When analyzing for Total Kjeldahl Nitrogen (TKN), you can make a copper sulfate digestion solution in the lab or purchase a variety of pre-prepared digesting tablets for example on VWR. My question is, why are some formulations called Missouri tablets?

As far as I can tell, the state of Missouri does not specifically require this formulation, and I haven't seen any digestion tablets named after any other states. Were they perhaps invented in Missouri?

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    $\begingroup$ Comments are not for extended discussion; this conversation has been moved to chat. $\endgroup$ – user7951 Jun 21 '20 at 15:18

As suggested in the comments, the predecessor of the method that uses "Missouri" tablets was developed at the University of Missouri (Columbia, Missouri, USA). I believe the first report was from 1972 and named the method as the "Missouri Automated Nitrogen Method (MANM)". They also refer to it as the "Missouri Technicon" method because it uses a Technicon AutoAnalyzer instrument. Many variations of this method have been described, and the specific formulation of Missouri tablets is for one of them.

An automated spectrophotometric method, utilizing Technicon AutoAnalyzer modules, has been developed to determine total nitrogen in fertilizers containing only ammoniacal, nitrate, and urea nitrogen. This colorimetric system employs the Berthelot ammoniaphenate-hypochlorite reaction. A homogeneous chromous/titanous reduction system for the automatic reduction of nitrates was interfaced with the digestion unit and color development manifold, resulting in a total nitrogen system for fertilizers with an effective analysis rate of $\pu{20-25 samples/hr}$. A new sample retrieval system removes digested samples from the helix. The totally automated system was optimized to obtain the highest sensitivity for nitrogen. Data were compared for $\pu{458 samples}$ analyzed by the automated method and the comprehensive nitrogen method (CNM), 2.053–2.054. The average difference between the 2 methods (MANM – CNM) was +0.04% nitrogen. The average relative difference was 1.12%. The average value for $\pu{140 samples}$ of $\ce{KNO3}$ primary standard analyzed by the MANM was 13.84% nitrogen (theoretical content 13.85%). The results of these standards ranged from 13.58 to 14.14% nitrogen and the standard deviation was 0.11%. The relative standard deviation was 0.80%. Of fertilizer samples received for analysis, less than 1% contained insoluble organic nitrogenous material which was unsuitable for analysis by the MANM. These few samples were not included in the statistical evaluation. The MANM is rapid, accurate, and precise and is a convenient and dependable automated method for the determination of total nitrogen in fertilizers containing only ammoniacal, nitrate, and urea nitrogen.

Source: Charles W. Gehrke, John S. Killingley, Larry L. Wall, Sr. (1972) Missouri Automated Nitrogen Method (MANM) for Fertilizers. Journal of Association of Official Analytical Chemists 55:467-480. https://doi.org/10.1093/jaoac/55.3.467

A rapid automated method for total protein nitrogen has been developed, using the Technicon AutoAnalyzer with block digestor. Ammonia is determined by the automated ammoniasalicylate reaction at a rate of $\pu{40 samples/hr}$. A number of variations in digestion parameters have been evaluated. Hydrogen peroxide was used as a digestion accelerator. A salt-acid ratio of 1:1 and a block temperature of $\pu{425 ^\circ C}$ were chosen. The catalysts evaluated included $\ce{HgO, CuSO4, SeO2,}$ and $\ce{TiO2/CuSO4}$. Maximum nitrogen recovery in the shortest time (30 mill) was achieved with HgO as the catalyst. The results from multiple analyses of 10 experimental samples of different refractoriness with the block digestor method, using $\ce{HgO}$ or $\ce{CuSO4}$ as a catalyst, compared well with the results by the official AOAC Kjeldahl method. The accuracy, precision, economy, and saving of space offered by the Missouri-Technicon block digestor method make this an attractive alternative to classical Kjeldahl analysis for large numbers of total protein determinations in samples of different refractoriness. The AutoAnalyzer cartridge manifold is simple and reproducible in its performance, and a large dilution of the sample is made on dialysis which eliminates the matrix effects from the sample digests. At least $\pu{250 samples}$ can be analyzed in $\pu{9 hr}$ with 1 instrumentation setup.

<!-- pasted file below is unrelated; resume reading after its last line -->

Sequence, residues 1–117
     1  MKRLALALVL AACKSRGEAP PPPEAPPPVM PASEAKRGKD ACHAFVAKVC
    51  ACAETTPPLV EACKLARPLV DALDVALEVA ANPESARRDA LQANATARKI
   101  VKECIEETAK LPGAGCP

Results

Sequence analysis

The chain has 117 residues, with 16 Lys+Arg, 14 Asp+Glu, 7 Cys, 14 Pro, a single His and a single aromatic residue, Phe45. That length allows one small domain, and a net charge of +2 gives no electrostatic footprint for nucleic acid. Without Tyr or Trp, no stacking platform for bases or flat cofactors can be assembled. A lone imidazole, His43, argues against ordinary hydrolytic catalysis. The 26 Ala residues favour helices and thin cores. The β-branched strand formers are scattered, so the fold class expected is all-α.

Source: Larry L. Wall, Sr., Charles W. Gehrke (1975) An Automated Total Protein Nitrogen Method. Journal of Association of Official Analytical Chemists 58:1221-1226. https://doi.org/10.1093/jaoac/58.6.1221

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    $\begingroup$ I think it's worth adding that nowadays "Missouri" refers to one specific type of Kjerdahl tablets (among many others) containing 0.3% Cu and is essentially a trademark given to the most widely used composition in tribute to the extensive agricultural chemical research performed at Missouri's Agricultural Experiment Station Chemical Laboratories. $\endgroup$ – andselisk Jun 21 '20 at 11:40
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    $\begingroup$ I edited to address your point. Any better now? I don't think it's quite accurate to say that the name was given in tribute, since the Missouri group had already established the name of the method as Missouri, so my impression is that the choice of "Missouri tablets" for the product is simply a way of saying "tablets for use in the Missouri method" $\endgroup$ – Andrew Jun 21 '20 at 15:30

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